The situation in Somalia is, as it always is, extremely confusing. Headlines yesterday alternated between reports of fierce battles and reports that both sides were returning to the negotiating table.
An excellent interview with Ken Menkhaus in Foreign Policy helps explain this pattern:
Neither the Ethiopians nor the Islamists has the ability to deliver a knockout punch. The only way this armed conflict will be short is if each side is trying to send a signal to the other. In other words, they bloody each other’s noses, then step back and assess the very high risks to both sides, and someone steps in to mediate.
He goes on to explain that this situation favors the UIC – because they control so much of the country, they win in a stalemate:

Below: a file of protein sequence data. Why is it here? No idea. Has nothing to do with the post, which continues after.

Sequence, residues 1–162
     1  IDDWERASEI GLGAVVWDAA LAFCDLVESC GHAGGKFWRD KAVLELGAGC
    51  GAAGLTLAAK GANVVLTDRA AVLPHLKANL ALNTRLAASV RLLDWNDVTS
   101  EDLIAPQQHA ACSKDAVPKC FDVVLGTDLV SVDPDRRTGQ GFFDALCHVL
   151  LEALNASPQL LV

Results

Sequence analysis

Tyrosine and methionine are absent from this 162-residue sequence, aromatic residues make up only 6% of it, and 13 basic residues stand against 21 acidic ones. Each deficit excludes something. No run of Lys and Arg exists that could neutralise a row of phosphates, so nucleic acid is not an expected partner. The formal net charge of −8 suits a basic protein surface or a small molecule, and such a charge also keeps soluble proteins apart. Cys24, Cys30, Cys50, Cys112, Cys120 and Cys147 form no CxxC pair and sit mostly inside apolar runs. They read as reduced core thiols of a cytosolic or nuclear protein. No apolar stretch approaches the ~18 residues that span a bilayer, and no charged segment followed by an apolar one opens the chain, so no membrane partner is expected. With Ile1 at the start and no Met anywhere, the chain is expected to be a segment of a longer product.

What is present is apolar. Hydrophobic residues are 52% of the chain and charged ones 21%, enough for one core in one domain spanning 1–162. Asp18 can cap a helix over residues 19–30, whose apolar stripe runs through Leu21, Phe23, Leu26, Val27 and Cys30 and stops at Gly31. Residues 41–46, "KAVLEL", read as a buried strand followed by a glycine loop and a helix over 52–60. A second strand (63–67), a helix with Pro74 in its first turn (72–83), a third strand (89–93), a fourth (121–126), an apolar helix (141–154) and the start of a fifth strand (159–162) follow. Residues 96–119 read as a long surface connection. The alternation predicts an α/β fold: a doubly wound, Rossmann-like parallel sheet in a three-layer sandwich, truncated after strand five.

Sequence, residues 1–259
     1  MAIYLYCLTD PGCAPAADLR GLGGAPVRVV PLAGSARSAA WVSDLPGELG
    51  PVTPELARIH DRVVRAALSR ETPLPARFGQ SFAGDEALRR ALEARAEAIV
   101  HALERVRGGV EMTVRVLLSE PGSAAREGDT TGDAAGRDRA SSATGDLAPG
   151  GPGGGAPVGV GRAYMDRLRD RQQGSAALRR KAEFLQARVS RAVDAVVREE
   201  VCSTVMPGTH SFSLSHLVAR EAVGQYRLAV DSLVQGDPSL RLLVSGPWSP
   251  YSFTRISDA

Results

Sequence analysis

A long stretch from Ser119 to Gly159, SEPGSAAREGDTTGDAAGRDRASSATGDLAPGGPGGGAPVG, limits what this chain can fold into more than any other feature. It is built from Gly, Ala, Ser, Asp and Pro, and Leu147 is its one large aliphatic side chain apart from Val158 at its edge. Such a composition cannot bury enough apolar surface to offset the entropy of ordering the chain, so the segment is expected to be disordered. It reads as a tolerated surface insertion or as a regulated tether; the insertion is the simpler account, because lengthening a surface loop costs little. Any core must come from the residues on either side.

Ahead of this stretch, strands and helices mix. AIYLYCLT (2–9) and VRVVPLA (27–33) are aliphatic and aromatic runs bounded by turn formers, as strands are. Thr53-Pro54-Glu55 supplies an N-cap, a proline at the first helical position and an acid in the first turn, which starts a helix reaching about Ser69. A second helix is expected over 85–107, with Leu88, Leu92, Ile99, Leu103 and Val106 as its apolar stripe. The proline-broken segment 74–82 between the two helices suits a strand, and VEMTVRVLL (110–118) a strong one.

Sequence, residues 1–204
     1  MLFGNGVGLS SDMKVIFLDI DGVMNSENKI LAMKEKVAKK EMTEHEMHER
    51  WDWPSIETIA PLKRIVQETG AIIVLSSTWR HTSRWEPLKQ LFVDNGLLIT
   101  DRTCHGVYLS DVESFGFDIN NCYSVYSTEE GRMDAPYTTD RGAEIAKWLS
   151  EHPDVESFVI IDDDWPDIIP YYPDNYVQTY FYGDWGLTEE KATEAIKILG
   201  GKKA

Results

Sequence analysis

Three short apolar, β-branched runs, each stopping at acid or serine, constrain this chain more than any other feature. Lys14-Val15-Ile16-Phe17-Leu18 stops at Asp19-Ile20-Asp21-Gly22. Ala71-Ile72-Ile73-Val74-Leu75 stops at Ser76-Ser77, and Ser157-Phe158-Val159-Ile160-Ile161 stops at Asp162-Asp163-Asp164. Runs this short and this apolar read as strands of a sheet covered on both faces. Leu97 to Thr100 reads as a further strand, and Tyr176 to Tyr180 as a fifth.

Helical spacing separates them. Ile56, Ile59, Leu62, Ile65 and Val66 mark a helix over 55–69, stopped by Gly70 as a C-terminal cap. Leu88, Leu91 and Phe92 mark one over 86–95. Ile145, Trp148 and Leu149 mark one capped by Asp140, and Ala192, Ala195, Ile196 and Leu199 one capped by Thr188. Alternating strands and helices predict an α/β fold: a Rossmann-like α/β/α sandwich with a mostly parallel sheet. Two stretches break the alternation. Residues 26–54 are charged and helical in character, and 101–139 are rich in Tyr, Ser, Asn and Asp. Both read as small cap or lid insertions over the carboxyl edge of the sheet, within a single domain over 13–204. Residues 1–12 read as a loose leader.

Some people argue that the prospects of a negotiated settlement are nil, that the Courts have nothing to gain. They are already in a position of tremendous power within Somalia. They are the strongest military and political force by a long margin.
This, in turn, means that Ethiopia may be caught in a long quagmire, making them more vulnerable to pressure from Eritrea on their northern border.
It’s difficult to get news from Somalia right now – it continues to be a dangerous place for non-Somali journalists, and it’s very hard to get a “man on the street” impression of the situation in Baidoa or the surrounding area. I’d had my fingers crossed for Andrew Heavens, who pulled out of the Global Voices meeting to try and travel to the Ethiopia/Somalia border region – his most recent blog post suggests that he had to abort the trip. Mike Pflanz from the Telegraph is writing from the other side of the border – he’s travelling with MSF and offering a diary from the road – at present, he doesn’t seem to be anywhere near the fighting, but he’s giving some interesting impressions of the comparative normalcy of southern Somalia under the UIC.